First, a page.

National Security

Top House Republicans Back Netanyahu as He Pushes to Annex West Bank Territory

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A delegation of congressional Republicans wrote to Israeli prime minister Benjamin Netanyahu on Monday to express its support for the Israeli leader's decision to annex portions of Palestinian territory in the West Bank, saying Israel has the right to execute any policy it sees as integral to its security.

One-hundred-sixteen Republicans led by Minority Leader Kevin McCarthy (R., Calif.) and other senior lawmakers told Netanyahu that they fully support Israel's move, which would see the country take over several contested territories long-controlled by the Palestinians. Netanyahu is reportedly seeking to take this step early next month.

"We are aware of and deeply concerned by threats being expressed by some to retaliate against Israel as it makes decisions to ensure defensible borders," the lawmakers wrote, according to a copy of the letter obtained by the Washington Free Beacon. "It is shortsighted to threaten relations with Israel, a long-time friend and critical ally that shares our democratic values."

Democratic lawmakers are frustrated by the decision to send the letter. They recently warned Israel that such a move would fray the historically close ties between the United States and Israel. Congressional Republicans, however, flatly reject this view.

The letter highlights a growing partisan schism in Washington over the Israeli government's policies under Netanyahu. While the Trump administration and its Republican allies in Congress have been a reliable partner for the conservative Israeli prime minister, Democrats have become increasingly frustrated over moves they see as damaging to the peace process and U.S. relations with the Jewish state.

The GOP lawmakers expressed in their letter support for the Trump administration's recently unveiled Israeli-Palestinian peace plan, which has inflamed tensions in the region and has been rejected by the Palestinian leadership.

"We assure you that we will stand shoulder-to-shoulder with Israel and oppose any effort to apply pressure," the lawmakers wrote.

The White House has not publicly commented on the annexation plan yet and is likely waiting to see how Netanyahu proceeds in the coming days.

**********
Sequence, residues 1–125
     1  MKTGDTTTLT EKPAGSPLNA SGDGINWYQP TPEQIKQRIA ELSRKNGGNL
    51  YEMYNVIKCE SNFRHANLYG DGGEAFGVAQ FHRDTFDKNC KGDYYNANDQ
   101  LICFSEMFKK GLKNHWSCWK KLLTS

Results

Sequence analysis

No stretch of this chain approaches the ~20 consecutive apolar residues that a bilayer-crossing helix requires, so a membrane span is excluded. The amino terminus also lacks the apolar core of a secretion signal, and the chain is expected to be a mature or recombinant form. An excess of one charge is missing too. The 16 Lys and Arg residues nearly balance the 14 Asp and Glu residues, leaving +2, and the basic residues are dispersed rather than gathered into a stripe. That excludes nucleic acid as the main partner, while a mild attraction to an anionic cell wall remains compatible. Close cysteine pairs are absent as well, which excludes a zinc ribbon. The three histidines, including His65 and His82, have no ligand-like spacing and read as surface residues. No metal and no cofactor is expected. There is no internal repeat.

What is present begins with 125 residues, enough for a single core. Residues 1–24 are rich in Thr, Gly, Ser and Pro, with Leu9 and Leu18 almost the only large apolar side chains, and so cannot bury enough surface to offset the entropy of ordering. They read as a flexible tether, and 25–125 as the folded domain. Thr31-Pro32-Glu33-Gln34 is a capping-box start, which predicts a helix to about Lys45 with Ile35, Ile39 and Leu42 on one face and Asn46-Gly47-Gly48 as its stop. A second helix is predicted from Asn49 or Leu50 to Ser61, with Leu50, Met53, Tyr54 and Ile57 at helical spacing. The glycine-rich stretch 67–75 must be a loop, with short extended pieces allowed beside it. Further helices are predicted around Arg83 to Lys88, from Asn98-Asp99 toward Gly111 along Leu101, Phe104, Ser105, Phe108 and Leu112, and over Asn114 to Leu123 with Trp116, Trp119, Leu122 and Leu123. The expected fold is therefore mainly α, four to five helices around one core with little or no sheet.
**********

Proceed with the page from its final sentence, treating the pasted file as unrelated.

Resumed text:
Democratic leaders in Congress, including pro-Israel stalwarts like Sens. Chuck Schumer (D., N.Y.) and Ben Cardin (D., Md.), informed Netanyahu and his government last week that they are opposed to the annexation plan, which they view as dangerous to regional stability and the likelihood of peace talks. A separate missive signed by at least 120 congressional Democrats communicated similar concerns. This letter was opposed by the American Israel Public Affairs Committee, America's most prominent pro-Israel organization.

Netanyahu's annexation plan has also been met with anger by leading liberal Israeli politicians, including former foreign affairs minister Tzipi Livni, who described the plan as "one of the most fateful decisions in its modern history."

Netanyahu's Republican supporters maintain that the annexation of the territories will greatly improve Israel's security as it faces down continued Palestinian terror attacks along its borders. An Israeli presence in these areas is likely to create a buffer zone by which the country can thwart terrorist factions.

In addition to McCarthy, the letter was signed by Republican Whip Steve Scalise (R., La.), Republican Conference Chair Liz Cheney (R., Wyo.), Foreign Affairs Committee Republican leader Michael McCaul (R., Texas), and Reps. Cathy McMorris Rodgers (R., Wash.), Lee Zeldin (R., N.Y.), and David Kustoff (R., Tenn.).

The Republican Jewish Coalition (RJC), a pro-Israel GOP advocacy group, was instrumental in ensuring the letter received broad support, a senior congressional aide told the Free Beacon.

"Without question, House Republicans recognize the importance of standing with Israel and the Israeli government, which is why members believed that sending this letter was an important thing to do," the aide said. "The RJC was instrumental in making it happen. From helping on the ground level to expanding the coalition of members who ultimately signed, their involvement cannot be understated."

Update June 23, 9:55 a.m.: This post has been updated with comment from RJC.